Britain’s booming real estate market sees 13 buyers for EVERY house on the market – fr

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Britain’s booming real estate market sees 13 buyers for EVERY house on the market – fr


Britain’s booming real estate market is producing record sales figures, with an average of 13 buyers for every home on the list.

Sales agreed to last month were up 57% from April 2019, with many realtors now immediately asking potential buyers for their “best and last offer” to avoid gassing.

Experts said the industry is working around the clock and buyers are resorting to extreme measures to secure a home.

Mark Hayward, chief policy adviser to the real estate lobby group NAEA Propertymark, said: “It’s pretty aggressive out there. Some people move into a rented property so that they can move very quickly.

“There are people who move into trailers and live in the area so they can quickly jump in if something hits the market.

Britain’s booming real estate market is producing record sales figures, with an average of 13 buyers for every home on the list. Sales agreed to last month were up 57% from April 2019, with many realtors now immediately asking potential buyers for their “best and last offer” to avoid gassing. (File image)

“We have cases where potential buyers have actually followed agents in cars to properties so they can be the first in line.

“Others give instructions to buying agents who scour the market for properties on their behalf.

Others turned to writing handwritten letters to persuade buyers that they would be the best new owner.

In April, more than 157,000 sales were closed, according to figures compiled by real estate analysts TwentyCi.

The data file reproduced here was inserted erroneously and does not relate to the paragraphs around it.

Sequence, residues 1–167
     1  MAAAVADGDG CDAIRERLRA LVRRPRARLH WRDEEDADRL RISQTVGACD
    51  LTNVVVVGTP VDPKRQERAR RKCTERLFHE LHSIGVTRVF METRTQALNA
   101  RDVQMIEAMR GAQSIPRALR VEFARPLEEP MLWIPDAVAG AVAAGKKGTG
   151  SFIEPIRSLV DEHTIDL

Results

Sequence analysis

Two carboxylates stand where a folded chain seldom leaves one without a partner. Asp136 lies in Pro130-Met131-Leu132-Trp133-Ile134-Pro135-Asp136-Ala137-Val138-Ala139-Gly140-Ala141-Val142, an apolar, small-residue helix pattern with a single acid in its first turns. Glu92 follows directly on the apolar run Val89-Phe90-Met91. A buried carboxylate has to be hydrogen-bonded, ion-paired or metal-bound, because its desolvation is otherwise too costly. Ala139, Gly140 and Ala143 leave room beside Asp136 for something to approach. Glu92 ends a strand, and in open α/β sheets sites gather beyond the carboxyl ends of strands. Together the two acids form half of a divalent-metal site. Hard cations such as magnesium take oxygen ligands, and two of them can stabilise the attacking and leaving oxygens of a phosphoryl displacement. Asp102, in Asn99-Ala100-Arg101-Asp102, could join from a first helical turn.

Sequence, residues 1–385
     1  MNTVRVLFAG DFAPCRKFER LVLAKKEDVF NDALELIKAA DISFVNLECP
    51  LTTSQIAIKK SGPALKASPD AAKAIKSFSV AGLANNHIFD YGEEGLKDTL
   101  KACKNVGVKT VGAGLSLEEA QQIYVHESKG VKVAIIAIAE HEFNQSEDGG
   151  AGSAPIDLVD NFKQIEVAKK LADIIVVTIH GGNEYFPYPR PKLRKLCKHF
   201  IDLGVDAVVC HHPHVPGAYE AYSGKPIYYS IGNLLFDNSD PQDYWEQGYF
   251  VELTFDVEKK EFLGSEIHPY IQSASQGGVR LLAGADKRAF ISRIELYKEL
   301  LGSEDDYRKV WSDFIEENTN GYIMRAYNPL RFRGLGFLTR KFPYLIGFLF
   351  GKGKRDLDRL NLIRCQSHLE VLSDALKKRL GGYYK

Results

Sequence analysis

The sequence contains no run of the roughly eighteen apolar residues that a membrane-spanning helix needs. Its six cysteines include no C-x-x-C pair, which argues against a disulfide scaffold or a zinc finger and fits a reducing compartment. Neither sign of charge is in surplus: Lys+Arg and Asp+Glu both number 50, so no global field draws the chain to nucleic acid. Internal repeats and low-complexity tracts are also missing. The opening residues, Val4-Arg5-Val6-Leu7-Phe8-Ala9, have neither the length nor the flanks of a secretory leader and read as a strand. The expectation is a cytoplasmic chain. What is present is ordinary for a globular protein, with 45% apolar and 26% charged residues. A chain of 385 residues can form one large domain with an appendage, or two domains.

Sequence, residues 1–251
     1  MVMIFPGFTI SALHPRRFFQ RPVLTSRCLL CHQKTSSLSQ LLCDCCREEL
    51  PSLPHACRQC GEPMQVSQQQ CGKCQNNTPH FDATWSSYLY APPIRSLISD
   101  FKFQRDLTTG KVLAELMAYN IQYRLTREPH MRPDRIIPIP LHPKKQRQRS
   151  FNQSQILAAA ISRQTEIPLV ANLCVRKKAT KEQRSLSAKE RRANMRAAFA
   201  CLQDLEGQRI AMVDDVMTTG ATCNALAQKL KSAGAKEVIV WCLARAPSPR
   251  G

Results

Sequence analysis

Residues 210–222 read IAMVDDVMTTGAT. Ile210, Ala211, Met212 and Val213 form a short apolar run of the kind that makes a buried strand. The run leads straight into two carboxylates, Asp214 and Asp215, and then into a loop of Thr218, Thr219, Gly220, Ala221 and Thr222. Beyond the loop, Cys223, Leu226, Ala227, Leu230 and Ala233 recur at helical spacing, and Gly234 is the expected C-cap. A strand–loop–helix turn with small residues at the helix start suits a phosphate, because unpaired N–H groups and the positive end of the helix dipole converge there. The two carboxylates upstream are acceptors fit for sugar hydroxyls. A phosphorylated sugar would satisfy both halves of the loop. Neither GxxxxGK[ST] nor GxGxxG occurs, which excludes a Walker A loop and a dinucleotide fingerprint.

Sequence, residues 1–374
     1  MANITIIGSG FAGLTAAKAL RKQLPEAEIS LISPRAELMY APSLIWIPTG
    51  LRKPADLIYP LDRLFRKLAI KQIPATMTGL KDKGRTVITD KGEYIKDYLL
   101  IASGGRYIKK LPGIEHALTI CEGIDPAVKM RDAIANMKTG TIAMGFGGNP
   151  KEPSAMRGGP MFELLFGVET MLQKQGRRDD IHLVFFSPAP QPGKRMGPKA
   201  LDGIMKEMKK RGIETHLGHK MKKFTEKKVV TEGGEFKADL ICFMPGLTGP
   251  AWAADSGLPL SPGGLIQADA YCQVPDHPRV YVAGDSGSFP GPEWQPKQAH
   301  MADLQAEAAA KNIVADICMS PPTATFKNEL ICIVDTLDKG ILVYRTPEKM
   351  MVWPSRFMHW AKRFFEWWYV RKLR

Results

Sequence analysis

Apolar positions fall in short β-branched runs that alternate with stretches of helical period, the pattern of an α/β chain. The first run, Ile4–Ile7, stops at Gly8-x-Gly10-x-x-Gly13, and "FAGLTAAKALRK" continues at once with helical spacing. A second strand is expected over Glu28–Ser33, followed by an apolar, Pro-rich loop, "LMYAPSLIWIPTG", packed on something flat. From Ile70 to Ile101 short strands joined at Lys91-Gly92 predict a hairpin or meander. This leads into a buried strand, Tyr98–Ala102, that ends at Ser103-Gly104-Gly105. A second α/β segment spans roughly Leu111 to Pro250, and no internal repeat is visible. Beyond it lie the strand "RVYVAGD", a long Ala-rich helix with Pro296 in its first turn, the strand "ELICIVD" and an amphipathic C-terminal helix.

The surge in demand was largely due to extremely low interest rates and the suspension of the stamp duty on houses under £ 500,000, which was extended until the end of June by the Chancellor Rishi Sunak.

The pandemic has also seen people reassess their living space, with a Zoopla spokesperson saying recent demand has focused on three- and four-bedroom homes, one of which has become a home office.

The surge in demand was largely due to extremely low interest rates and the suspension of the stamp duty on houses under £ 500,000, which was extended until the end of June by Chancellor Rishi Sunak.

Nicky Stevenson, of Fine & Country real estate agents, said, “The market is turbo. There is a huge demand for property and a significant shortage of supply.

Ms Stevenson said a recently listed property in Warwickshire had an indicative price of £ 2.25million. Within days there had been 16 views and it sold for £ 100,000 above asking price.

There is now an average of 13 buyers for each property, according to NAEA Propertymark.

House prices are also rising at the fastest pace since 2004 – up 2.1% in April to a national average of £ 238,831, according to the Nationwide lender.

Real Estate Legal Advisors Are At ‘Breaking Point’ When Trying To Manage Sales

Property lawyers are at the “breaking point” trying to cope with the deluge of home sale transactions.

Some transfer of ownership companies are refusing new work as the sector struggles to cope with a number of transactions 130% higher than normal capacity.

Tom Lyes, of trade magazine Today’s Conveyancer, said many carriers work seven days a week.

“It’s not an overreaction to say it’s at breaking point. Many carriers feel broken and completely deflated, ”he said.

“The shifting of the stamp duty deadline to the end of June actually takes the pain point further down the road. “

A recent survey of 200 property lawyers found that 85% had suffered from mental health issues as a result of their workload, while 49% had seen colleagues leave the profession.

Beth Rudolf, of the Conveyancing Association trading body, said lessons could be learned from Scotland where sellers must provide documents in advance and transaction times are on average only six to eight weeks, against 22 weeks in England.

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